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College Basketball Betting: How Has Duke’s Mike Krzyzewski Performed Historically ATS?

College Basketball Betting: How Has Duke’s Mike Krzyzewski Performed Historically ATS? article feature image

Photo by Streeter Lecka/Getty Images

Believe it or not, Mike Krzyzewski was first named Duke’s head coach in March of 1980. The No. 1 song on the Billboard top 100 that month was “Call Me” by Blondie, and the No. 1 movie that year was Star Wars: The Empire Strikes Back.

Duke was not No. 1 back in 1980, recording a lackluster 6-8 ACC record on its way to a 17-13 season.

However, since Coach K’s inaugural season, he’s compiled a whopping 1,091-294 record, picking up five NCAA Tournament championships, 12 ACC regular season championships and 15 ACC Tournament championships along the way.

Well, after 41 monumental seasons at the helm, Coach K has announced he’s retiring following the 2021-22 season. Krzyzewski’s goodbye will be filled with emotions — anguish for Duke fans and jubilation for everybody else.

Regardless of how successful Coach K’s tenure has been, there’s a much bigger, much more important question at hand: How has he done for bettors?

Leveraging The Action Network’s Bet Labs systems, I was able to answer that exact question. Bet Labs has straight up, against the spread and over/under records for every game across every sport since 2005.


While Krzyzewski has been coaching for 40 years, betting technology doesn’t go back quite that far. However, we can track how he’s done in every situation since 2005, which gives us a solid sample size to work with.

Straight up since 2005, Krzyzewski has gone 373-94 on the ML. That’s a whopping 80%-win rate in games he’s coached since then. Pretty good!

However, Duke hasn’t been profitable during that time, with the Blue Devils being a 2% losing investment on the ML since 2005:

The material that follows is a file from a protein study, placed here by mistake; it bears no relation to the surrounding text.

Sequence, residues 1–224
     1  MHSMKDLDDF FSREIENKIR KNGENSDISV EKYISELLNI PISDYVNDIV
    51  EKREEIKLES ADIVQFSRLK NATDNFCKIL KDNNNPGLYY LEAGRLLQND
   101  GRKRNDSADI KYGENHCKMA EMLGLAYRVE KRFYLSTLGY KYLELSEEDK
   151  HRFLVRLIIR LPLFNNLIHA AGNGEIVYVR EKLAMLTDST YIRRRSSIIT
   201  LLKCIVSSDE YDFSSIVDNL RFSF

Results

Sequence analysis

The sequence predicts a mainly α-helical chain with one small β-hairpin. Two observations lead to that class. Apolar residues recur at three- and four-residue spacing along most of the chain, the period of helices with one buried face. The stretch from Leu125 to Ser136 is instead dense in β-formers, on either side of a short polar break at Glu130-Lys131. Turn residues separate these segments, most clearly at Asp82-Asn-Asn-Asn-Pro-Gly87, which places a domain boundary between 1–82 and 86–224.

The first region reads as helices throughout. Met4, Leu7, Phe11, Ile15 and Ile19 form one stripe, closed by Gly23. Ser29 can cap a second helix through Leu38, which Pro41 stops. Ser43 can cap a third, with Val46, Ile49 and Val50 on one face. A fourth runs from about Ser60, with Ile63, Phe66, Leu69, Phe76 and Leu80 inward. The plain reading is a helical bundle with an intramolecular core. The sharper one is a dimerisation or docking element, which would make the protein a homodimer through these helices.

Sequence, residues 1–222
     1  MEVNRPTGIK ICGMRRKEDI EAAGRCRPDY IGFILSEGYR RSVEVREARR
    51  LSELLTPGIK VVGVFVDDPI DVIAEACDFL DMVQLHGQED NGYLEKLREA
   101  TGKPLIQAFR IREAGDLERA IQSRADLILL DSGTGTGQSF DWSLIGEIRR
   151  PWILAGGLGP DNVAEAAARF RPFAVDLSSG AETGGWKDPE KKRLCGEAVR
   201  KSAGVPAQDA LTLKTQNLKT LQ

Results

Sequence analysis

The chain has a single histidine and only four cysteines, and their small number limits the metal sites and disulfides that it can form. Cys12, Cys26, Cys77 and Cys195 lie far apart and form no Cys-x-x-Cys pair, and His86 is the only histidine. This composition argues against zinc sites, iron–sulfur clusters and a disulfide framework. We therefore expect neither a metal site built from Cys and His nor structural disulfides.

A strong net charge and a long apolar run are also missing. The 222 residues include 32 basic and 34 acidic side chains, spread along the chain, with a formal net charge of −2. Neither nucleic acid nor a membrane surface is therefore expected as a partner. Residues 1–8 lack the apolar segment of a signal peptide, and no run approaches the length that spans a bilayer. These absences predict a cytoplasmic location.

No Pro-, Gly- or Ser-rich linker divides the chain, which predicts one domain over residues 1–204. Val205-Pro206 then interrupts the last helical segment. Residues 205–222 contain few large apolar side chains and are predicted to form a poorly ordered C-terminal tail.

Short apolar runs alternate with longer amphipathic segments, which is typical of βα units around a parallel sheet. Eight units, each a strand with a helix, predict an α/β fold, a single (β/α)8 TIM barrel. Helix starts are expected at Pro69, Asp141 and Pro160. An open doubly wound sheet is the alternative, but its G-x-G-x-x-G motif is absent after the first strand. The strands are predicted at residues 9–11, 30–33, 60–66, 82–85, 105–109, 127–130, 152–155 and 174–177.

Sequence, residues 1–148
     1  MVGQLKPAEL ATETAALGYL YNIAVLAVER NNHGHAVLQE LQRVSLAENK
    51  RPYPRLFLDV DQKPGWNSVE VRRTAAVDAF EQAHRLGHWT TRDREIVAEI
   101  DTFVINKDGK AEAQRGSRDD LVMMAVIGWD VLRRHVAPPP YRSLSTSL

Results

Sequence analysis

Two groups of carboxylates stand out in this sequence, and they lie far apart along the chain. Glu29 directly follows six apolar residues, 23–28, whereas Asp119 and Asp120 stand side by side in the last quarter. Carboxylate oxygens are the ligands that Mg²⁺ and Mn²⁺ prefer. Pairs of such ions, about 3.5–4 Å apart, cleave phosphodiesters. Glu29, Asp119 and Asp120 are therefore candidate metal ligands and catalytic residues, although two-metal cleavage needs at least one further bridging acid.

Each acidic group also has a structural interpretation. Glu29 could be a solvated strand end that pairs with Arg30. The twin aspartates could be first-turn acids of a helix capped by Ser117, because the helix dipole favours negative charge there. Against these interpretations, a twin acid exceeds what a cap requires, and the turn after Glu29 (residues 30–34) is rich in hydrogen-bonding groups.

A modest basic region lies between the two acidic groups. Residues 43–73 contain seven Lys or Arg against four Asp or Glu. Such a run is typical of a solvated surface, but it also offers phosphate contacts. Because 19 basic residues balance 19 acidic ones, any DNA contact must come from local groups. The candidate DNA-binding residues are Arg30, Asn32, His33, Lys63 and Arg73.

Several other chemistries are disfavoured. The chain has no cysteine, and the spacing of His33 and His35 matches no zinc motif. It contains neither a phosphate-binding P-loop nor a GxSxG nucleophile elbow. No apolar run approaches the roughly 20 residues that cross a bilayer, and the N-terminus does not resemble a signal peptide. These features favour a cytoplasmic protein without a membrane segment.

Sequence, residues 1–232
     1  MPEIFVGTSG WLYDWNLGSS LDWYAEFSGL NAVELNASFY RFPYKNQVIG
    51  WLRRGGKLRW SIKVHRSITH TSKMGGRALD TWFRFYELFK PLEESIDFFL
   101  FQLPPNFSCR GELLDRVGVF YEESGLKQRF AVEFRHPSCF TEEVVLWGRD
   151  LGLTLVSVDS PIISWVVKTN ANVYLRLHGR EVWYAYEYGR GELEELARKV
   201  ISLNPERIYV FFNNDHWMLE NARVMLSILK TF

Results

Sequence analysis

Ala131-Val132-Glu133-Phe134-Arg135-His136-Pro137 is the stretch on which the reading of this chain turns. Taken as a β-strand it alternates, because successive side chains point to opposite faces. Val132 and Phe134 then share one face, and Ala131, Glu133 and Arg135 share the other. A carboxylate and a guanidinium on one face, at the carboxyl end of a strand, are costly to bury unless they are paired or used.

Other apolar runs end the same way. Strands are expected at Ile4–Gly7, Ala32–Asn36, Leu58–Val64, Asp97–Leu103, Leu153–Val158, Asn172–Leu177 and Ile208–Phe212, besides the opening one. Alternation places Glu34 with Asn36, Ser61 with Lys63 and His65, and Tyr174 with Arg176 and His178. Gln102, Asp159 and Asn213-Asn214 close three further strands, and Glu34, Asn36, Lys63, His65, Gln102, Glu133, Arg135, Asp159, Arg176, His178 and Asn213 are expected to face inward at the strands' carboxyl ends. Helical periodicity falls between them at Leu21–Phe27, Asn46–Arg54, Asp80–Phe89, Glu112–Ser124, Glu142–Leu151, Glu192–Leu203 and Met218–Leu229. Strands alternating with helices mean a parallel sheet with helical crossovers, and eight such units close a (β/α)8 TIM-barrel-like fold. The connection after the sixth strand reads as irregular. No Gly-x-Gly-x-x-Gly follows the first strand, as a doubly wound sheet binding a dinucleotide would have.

However, every sharp knows the spread is where we make the money. Coach K has done well, as his 238-217-12 ATS record is good for a 52%-win rate and a nominal 7.65-unit profit.

Best Season, Worst Season

If you’re a loyal, die-hard Duke basketball bettor, there are probably two seasons you remember well.

The first would be the 2016-17 season, where Duke was upset in the second round of the NCAA Tournament by South Carolina.

However, people should’ve seen that coming, as Coach K posted the worst ATS record of his career that season.

But Duke bettors are thankful, as he managed to regain those losses in the next season. The 2017-18 Blue Devils were a fantastic basketball team — led by Marvin Bagley III and Grayson Allen — that finished as KenPom’s No. 3 team.

They also went 19-10 ATS that season, which was the best season of Coach K’s career from an ATS perspective.

The team went on to lose in the semifinals of the ACC Tournament to North Carolina and then in the Elite Eight to Kansas, capping off their electric season with a forgettable finish.

Home Sweet Home

If a team walked into Cameron Indoor, it likely wasn’t walking out with a win. But most likely, it wasn’t walking out with a cover, either.

Overall, Krzyzewski went 180-23 SU at home throughout his career, an 88.6% home win percentage that can only be bested by a few coaches during that time (min. 50 home games coached):

CoachHome RecordHome Win Percentage
Bill Self194-1493.2%
Rick Byrd75-692.5%
John Calipari200-1991.3%
Mark Few165-1691.1%
Mike Krzyzewski180-2388.6%

However, take Coach K out of Durham and you get a totally different Duke team. On the road since 2005, Duke has surprisingly posted more ATS losses than wins:

Favorite Places to Play

In his tenure at Duke, Coach K has seen the whole country, coaching basketball games from coast to coast.

That begs the question: Where’s his favorite place to coach? Or, at least, the place where he’s done the best.

As you can probably guess, the one road location he’s coached at the most since 2005 is the Dean E. Smith Center, where now-retired rival Roy Williams got the best of him against the spread.

Duke went just 6-8-2 ATS for -2.19 units at North Carolina since 2005.